The insurance industry is estimating that the damage from the wildfires in southern California could reach at least $500 million in insured losses.
The Insurance Information Network of California issued the preliminary estimates of insured losses resulting from the 11 fires burning in southern California.
“Using historical data as guideposts, we know that the current fires will exceed those of the Laguna and the Topanga-Malibu areas of 1993,” said Candysse Miller, executive director for IINC. “In Laguna, 441 structures were lost, resulting in $350 million in insured losses. In Topanga-Malibu, 323 structures were destroyed, resulting in $375 million in insured losses.”
Earlier reports indicated more than 700 homes and businesses have been burned.
Meanwhile, the Insurance Information Institute said more than half of California’s 12.5 million homes face wildfire dangers that pose a financial loss potential well in excess of $100 billion.
The 1991 Oakland Hills fire remains the most destructive in California’s history, with 2,900 homes lost and $1.7 billion in insurance claims paid, she indicated.
According to Don Windeler, director of model management for Risk Management Solutions, 2003’s Cedar Fire and Old Fire incurred $2.76 billion in insured losses. Adjusted for inflation, the losses would in the $3 billion to $4 billion range, he said.
In the ongoing blazes, Miller said the association is hearing reports of up to 1,100 homes claimed so far. He said his firm’s surveys of the insurance industry have confirmed a total of 1,760 claims filed from southern California firestorms as of 2 p.m. Tuesday, October 23.
The Farmers Insurance Group of Companies reported it had received more than 1,000 claims from a 100,000-acre area ranging from Los Angeles to San Diego, as of 3:30 p.m. on Tuesday, October 23. The company, like many other insurers, has sent in claims teams to assist customers in filing claims. Farmers indicated it had 11 mobile claims centers located throughout southern California, seven in the San Diego area.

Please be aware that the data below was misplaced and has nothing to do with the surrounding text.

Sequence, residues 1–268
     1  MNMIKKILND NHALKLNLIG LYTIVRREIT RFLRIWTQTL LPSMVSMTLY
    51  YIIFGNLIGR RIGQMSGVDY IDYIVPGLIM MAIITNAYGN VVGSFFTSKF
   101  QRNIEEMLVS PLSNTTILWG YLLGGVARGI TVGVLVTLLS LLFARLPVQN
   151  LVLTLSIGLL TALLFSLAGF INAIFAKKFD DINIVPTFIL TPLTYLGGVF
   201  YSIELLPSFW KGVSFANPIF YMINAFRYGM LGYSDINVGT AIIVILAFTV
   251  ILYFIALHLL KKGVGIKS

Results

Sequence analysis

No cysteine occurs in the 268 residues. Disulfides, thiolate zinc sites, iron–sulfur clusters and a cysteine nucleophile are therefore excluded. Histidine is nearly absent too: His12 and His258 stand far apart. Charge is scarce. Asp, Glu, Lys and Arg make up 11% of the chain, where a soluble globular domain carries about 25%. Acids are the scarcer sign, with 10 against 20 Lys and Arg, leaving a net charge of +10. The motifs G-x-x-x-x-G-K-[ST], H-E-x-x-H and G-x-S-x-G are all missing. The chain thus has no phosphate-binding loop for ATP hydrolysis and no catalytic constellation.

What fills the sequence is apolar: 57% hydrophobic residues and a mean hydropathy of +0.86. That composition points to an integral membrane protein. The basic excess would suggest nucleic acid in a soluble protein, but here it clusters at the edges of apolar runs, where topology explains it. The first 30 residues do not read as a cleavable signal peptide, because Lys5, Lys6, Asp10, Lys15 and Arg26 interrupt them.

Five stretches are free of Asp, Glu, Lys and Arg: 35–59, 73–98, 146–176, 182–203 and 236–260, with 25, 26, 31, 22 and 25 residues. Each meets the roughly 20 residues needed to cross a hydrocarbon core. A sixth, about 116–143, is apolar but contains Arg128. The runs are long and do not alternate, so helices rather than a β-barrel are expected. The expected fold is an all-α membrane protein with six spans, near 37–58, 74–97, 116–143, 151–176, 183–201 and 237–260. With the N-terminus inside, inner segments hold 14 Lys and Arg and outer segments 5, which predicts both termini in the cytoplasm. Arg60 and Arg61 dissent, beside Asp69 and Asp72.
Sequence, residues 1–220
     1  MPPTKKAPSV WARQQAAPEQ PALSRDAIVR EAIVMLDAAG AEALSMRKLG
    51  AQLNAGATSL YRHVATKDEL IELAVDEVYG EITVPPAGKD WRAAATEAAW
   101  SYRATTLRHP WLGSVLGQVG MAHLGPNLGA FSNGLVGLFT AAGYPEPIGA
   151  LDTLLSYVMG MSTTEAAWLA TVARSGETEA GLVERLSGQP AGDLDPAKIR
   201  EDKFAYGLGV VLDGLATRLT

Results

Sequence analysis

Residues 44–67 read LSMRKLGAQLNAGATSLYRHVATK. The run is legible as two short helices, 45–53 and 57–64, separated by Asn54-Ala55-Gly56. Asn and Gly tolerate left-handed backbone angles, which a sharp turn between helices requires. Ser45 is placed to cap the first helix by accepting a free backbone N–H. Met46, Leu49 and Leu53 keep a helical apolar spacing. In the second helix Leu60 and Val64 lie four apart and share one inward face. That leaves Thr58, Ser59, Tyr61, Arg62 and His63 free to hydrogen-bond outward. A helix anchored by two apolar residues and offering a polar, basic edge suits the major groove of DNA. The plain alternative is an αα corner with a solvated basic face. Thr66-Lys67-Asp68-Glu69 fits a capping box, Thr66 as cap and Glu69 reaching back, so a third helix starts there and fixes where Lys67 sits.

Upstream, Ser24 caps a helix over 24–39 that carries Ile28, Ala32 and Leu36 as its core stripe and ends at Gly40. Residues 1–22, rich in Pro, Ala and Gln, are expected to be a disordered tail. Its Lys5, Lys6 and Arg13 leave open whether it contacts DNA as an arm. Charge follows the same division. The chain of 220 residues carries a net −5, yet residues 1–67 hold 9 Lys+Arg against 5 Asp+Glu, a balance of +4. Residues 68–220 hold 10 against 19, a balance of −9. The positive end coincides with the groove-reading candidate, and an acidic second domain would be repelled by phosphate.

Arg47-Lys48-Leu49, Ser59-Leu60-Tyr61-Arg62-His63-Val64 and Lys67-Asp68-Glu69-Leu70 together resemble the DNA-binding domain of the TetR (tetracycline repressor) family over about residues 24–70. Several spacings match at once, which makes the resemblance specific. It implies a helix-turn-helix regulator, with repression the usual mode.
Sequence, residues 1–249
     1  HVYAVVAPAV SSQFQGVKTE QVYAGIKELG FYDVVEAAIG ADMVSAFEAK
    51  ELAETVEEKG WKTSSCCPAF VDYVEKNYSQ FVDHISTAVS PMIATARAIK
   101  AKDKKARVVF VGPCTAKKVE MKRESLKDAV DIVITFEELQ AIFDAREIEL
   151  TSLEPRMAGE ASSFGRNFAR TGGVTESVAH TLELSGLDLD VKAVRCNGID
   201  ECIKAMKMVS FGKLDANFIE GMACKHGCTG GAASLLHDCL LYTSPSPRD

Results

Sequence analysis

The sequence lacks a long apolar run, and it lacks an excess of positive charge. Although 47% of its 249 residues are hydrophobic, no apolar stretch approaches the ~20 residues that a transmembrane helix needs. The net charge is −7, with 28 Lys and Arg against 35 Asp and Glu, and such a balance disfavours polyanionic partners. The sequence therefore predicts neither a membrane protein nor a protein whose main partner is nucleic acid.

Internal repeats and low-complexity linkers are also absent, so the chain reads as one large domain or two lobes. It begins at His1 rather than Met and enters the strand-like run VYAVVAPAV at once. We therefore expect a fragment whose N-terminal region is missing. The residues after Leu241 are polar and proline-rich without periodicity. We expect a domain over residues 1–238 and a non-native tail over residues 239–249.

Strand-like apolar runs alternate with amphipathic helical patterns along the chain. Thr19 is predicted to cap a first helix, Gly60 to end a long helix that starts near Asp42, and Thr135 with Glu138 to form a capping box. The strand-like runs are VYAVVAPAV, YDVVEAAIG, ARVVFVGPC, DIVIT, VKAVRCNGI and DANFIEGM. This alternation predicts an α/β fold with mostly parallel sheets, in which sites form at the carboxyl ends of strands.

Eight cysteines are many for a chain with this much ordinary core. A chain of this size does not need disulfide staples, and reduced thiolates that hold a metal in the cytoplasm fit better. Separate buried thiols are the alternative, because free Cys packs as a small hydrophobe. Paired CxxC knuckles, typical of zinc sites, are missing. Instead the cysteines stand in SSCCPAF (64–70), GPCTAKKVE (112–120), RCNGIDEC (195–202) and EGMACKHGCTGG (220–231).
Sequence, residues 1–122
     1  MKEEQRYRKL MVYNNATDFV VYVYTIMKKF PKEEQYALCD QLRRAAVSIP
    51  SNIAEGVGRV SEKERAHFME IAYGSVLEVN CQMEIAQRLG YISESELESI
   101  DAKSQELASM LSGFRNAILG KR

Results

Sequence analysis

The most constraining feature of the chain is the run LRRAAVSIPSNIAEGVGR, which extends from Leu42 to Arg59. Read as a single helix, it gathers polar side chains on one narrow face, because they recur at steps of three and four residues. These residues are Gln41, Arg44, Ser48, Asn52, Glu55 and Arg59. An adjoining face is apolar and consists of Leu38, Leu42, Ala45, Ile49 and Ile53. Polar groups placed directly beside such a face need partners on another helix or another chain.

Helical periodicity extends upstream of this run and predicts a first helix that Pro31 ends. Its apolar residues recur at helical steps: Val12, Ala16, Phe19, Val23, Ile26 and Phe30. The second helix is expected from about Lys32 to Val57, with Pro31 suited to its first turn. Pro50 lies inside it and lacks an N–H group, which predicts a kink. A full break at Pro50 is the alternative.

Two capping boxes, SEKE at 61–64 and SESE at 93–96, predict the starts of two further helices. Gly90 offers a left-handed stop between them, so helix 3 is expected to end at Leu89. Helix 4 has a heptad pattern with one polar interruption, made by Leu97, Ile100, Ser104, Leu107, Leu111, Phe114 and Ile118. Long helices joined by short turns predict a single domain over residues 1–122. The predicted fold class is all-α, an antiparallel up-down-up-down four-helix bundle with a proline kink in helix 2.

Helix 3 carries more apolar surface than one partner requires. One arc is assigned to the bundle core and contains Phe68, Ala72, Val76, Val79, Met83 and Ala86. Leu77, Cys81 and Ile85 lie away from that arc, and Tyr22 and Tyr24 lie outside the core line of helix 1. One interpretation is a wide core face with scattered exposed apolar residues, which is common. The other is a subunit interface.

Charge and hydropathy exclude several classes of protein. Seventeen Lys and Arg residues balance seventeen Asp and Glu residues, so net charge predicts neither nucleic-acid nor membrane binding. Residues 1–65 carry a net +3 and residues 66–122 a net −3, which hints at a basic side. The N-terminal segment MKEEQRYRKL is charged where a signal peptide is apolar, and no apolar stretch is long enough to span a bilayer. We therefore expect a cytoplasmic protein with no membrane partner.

As of press time, Farmers, Mercury Insurance Group, State Farm, Travelers, Safeco and Zurich reported to Insurance Journal that they had sent in claims teams to the affected areas.
Meanwhile, RMS said it was too early for it to make loss predictions, noting his company was still monitoring fires as they spread. Windeler predicted his company would begin to make estimates later in the week.
“We’re still in a pretty volatile stage of the fires,” he said. “We’re so dependent at this stage on whether some key fires happen to jump a fire break, get into more dense subdivisions … if (fires) make it through into denser populations, there can be an extremely high jump in total losses. Weather is not expected to turn significantly for the better until tomorrow — wind is expected to turn tomorrow (Wednesday) and humidity is expected to go up on Thursday — so we really have 24 hour of critical time for what the final toll will be and how well firefighters keep significant losses from occurring.”
Windeler indicated that a lot of the conditions with the current fires parallel the fires of 2003. Wet winters a couple of years ago created a lot of brush growth, but this year was drier, creating the potential for a lot of fuel, he said.
“This is a pretty dangerous fire overall. It’s hardly a surprise, if you look at the combination of conditions — significant Santa Ana winds that are especially fierce in terms of overall wind speed, in combination with a lot of fuel that’s available,” Windeler said.
Nevertheless, Miller predicted the insurance industry is capable of handling any resulting claims. “It is important to remember that the insurance industry has confronted catastrophic fires before, and while the current firestorms are clearly of historic magnitude, the industry not only has the ability to pay these claims, but also is already writing checks to fire victims,” she said in a statement.
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